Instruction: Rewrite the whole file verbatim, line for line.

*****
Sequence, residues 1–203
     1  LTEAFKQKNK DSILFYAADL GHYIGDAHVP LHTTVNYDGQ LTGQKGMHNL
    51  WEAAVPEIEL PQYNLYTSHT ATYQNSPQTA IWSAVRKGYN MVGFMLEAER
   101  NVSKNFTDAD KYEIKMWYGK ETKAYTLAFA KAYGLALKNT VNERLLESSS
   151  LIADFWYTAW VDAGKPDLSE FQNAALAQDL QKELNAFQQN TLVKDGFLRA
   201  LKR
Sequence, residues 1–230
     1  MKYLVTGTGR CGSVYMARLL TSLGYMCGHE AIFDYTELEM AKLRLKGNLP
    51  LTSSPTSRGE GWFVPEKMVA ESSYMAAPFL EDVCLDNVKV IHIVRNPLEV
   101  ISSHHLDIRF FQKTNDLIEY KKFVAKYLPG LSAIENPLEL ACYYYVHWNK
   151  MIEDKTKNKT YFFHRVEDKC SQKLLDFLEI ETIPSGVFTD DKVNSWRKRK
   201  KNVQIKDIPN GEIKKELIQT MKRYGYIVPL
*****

Sequence, residues 1–203
     1  LTEAFKQKNK DSILFYAADL GHYIGDAHVP LHTTVNYDGQ LTGQKGMHNL
    51  WEAAVPEIEL PQYNLYTSHT ATYQNSPQTA IWSAVRKGYN MVGFMLEAER
   101  NVSKNFTDAD KYEIKMWYGK ETKAYTLAFA KAYGLALKNT VNERLLESSS
   151  LIADFWYTAW VDAGKPDLSE FQNAALAQDL QKELNAFQQN TLVKDGFLRA
   201  LKR
Sequence, residues 1–230
     1  MKYLVTGTGR CGSVYMARLL TSLGYMCGHE AIFDYTELEM AKLRLKGNLP
    51  LTSSPTSRGE GWFVPEKMVA ESSYMAAPFL EDVCLDNVKV IHIVRNPLEV
   101  ISSHHLDIRF FQKTNDLIEY KKFVAKYLPG LSAIENPLEL ACYYYVHWNK
   151  MIEDKTKNKT YFFHRVEDKC SQKLLDFLEI ETIPSGVFTD DKVNSWRKRK
   201  KNVQIKDIPN GEIKKELIQT MKRYGYIVPL